Attorney General Thurbert Baker joined with the National Association of Attorneys General today in commemorating October as National Domestic Violence Awareness Month. As the chief law enforcement officers of the their respective states, Attorneys General around the country are highlighting this important event to increase the public's awareness.
"Domestic violence can affect all individuals, regardless of race, nationality, language, culture, economics, physical ability or religion," said Georgia Attorney General Thurbert Baker, Co-Convener of NAAG's Violence Against Women Committee. "Domestic violence is a crime that impacts the entire community."
Nearly one-third of American women (31 percent) report being physically or sexually abused by a husband or boyfriend at some point in their lives.
Nearly one-third of American women murdered each year are killed by their current or former partners, usually a husband.
Approximately 1 million women report being stalked each year in the United States.
In 92% of all domestic violence incidents, crimes are committed by men against women.
Family violence costs the nation from $5 to $10 billion annually in medical expenses.
A child's exposure to the father abusing the mother is the strongest risk factor for transmitting violent behavior from one generation to the next.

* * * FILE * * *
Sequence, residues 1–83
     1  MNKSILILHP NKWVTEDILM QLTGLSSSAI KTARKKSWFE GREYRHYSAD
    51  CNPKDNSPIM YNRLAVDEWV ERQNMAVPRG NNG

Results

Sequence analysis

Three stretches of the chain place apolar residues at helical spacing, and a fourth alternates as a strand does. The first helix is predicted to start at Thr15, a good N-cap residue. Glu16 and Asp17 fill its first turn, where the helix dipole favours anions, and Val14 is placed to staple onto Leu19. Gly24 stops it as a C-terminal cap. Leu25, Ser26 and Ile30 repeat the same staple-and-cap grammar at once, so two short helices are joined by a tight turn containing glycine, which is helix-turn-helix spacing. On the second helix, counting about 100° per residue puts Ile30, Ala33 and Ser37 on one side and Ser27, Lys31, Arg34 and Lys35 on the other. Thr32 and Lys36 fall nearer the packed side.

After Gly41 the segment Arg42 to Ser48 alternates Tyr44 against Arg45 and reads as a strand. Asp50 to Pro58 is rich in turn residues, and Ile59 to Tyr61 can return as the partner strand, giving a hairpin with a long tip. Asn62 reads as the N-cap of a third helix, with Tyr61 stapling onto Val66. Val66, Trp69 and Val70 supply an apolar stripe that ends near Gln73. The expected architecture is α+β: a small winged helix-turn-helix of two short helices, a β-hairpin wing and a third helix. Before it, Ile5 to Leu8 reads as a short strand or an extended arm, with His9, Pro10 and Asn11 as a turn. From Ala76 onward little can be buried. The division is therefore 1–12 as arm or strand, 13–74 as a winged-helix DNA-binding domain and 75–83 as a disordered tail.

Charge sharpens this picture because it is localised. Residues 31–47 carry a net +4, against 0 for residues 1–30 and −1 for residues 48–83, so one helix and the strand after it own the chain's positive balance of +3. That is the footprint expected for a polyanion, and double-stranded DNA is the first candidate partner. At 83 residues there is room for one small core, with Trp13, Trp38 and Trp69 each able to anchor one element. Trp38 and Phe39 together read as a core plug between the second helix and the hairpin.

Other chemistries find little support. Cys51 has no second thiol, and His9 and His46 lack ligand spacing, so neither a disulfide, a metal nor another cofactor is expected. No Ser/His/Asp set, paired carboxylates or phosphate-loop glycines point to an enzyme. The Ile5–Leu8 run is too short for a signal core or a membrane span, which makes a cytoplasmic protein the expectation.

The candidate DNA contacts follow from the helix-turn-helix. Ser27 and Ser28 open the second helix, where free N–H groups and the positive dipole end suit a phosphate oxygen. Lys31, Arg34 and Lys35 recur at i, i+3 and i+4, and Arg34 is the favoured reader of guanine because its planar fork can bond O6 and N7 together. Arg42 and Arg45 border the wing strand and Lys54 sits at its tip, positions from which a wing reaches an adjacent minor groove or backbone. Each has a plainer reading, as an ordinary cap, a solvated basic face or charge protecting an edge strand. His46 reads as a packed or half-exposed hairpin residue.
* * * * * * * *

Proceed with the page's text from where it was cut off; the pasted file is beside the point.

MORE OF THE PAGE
Attorney General Baker has worked to end the culture of abuse that causes abusive behavior to be passed from generation to generation. “It is imperative that we not only end domestic violence against the current generation, but that we also end the cycle of abuse,” stated Attorney General Baker. “Abusers all too often learn the ABC’s of abuse by watching their parents, when they should be learning how to read. Parents should be showing their kids love, not how to throw a left hook at their spouse.” To work towards this goal, Attorney General Baker pushed legislation through the General Assembly that made Georgia the first state in the nation to make it a crime to commit an act of domestic violence in front of a child.
In an effort to develop a comprehensive approach to preventing and responding to domestic violence, Attorneys General are working with a number of community stakeholders. Oftentimes, domestic violence isn't confined to a private residence. It's impact can be felt in schools, places of work, health care centers and other parts of the community. "I want to encourage all employers to get involved in fighting domestic violence," said Virginia Attorney General Jerry Kilgore, Co-Convener of NAAG's Violence Against Women Committee. "Millions of dollars a year are lost due to decreased productivity, increased absenteeism, and increased health benefits costs related to domestic violence."
Although heightened awareness and legislation are helping to address the problem, Attorneys General are continuing to work with federal, state and local agencies to help implement tough and effective strategies that can eradicate and address incidents of domestic violence.